It’s Ok to Feel Ungrateful Sometimes

As we prepare for the Thanksgiving holiday in the U.S. of A., I’d like to take a moment to give a shout out to all of those people who are sick and tired of hearing how they ought to be grateful. 

Holidays can be really hard for a lot of people - especially those who suffer from depression, grief, anxiety, PTSD, or those who have survived an incredibly difficult upbringing with emotionally abusive caretakers or peers. This time of year can bring up all sorts of painful memories, stress over finances, and cause a person experiencing loneliness to feel like they have a giant magnifying glass over them that exposes everything that’s missing from their lives. 

If any of this sounds familiar, I’m talking to you.

I get it - holidays can really suck for some of us humans. And yes, it can be helpful to think about all of the things in your life that you should feel thankful for, but sometimes it’s hard to get past those painful memories…and sometimes it can make a person feel worse when they hear that they ought to be feeling differently than are currently feeling. 


This may sound controversial (coming from a therapist), but it’s okay to feel sad. It’s okay to feel lonely, lost, empty, afraid, or angry. Do most people want to feel those things? No, I’m sure that we don’t. I’m sure that most people would rather feel all of the happy feelings over the sad ones. We don’t always get a choice in how we’re feeling - just like we don’t always get a choice in what happens to us. 

What matters most is what you do with those feelings. This is where you do have a choice.

Understanding where the sad stuff is coming from can be helpful in creating some self-compassion. Please try to be gentle with yourself - as you would be with someone you love unconditionally. Try not to take all of the responsibility over things that have happened to you in the past. If you’re someone who struggles over holidays because of family issues, know that your biological family may not be your logical family and get out there and find your tribe as soon as you can.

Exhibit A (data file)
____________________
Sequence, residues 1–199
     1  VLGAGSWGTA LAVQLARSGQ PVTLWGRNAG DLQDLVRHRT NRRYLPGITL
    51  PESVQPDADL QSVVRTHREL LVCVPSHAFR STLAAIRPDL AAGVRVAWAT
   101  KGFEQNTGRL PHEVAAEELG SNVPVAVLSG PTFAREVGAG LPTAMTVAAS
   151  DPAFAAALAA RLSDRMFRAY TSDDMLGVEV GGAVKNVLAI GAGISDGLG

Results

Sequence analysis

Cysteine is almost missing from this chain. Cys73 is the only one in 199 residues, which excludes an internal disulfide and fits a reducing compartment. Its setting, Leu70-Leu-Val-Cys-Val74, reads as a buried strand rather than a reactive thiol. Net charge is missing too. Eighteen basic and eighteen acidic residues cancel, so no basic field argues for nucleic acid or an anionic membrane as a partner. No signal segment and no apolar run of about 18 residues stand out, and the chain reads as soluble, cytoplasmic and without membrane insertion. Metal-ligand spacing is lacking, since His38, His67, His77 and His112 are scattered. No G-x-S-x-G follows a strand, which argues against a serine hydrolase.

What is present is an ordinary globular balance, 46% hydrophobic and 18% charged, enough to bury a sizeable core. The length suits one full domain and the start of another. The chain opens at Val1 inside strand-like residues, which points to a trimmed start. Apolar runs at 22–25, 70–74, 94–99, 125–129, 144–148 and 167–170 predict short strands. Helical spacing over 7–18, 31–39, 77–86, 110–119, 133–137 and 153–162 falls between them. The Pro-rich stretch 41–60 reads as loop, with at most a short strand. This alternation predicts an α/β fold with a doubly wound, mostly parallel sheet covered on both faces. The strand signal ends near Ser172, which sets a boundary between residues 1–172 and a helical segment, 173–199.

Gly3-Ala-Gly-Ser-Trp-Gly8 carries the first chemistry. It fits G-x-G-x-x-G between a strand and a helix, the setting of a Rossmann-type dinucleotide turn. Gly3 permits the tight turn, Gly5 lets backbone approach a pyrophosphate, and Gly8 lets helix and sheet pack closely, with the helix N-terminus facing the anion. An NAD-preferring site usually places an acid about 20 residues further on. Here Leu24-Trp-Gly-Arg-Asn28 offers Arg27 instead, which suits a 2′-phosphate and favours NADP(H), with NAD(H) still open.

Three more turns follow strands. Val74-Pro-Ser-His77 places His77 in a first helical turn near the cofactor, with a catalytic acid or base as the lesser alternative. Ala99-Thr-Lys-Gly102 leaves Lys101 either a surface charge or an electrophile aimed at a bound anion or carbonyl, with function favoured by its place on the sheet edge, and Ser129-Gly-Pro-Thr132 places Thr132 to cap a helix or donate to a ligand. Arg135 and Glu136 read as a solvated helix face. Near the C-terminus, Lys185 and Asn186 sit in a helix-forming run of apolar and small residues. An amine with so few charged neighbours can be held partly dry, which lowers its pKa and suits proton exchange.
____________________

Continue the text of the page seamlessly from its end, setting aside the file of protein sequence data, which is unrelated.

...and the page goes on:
If you are feeling depressed, lonely, or if you are grieving - you don’t have to do this alone. Please reach out to someone who will listen, who will offer you validation and connection, someone who will offer you full acceptance. Whenever possible, make the choice to spend time around those who build you up rather than tear you down. If that is not an option for this holiday season, consider the holidays in the future when you may have that option available and know that there are more people out there in the world than those you currently have access to. These hopeful and inspiring creatures may come in many forms - teacher, coworker, neighbor, online support group, or therapist. If you have not had luck in one of those areas, please keep trying because not every person can offer the support you need. 

So go ahead and feel ungrateful for the sad or bad things that have happened or that you are currently dealing with in this moment, but please don’t get lost there.

If you can accept that pain and suffering are part of the human condition, there’s also a bright side of experiencing joy that is waiting for you. It's easy to believe that everything is awful when you're in despair, but the truth is that there is always hope for a better tomorrow.  


Click here for my resource page if you are experiencing a crisis.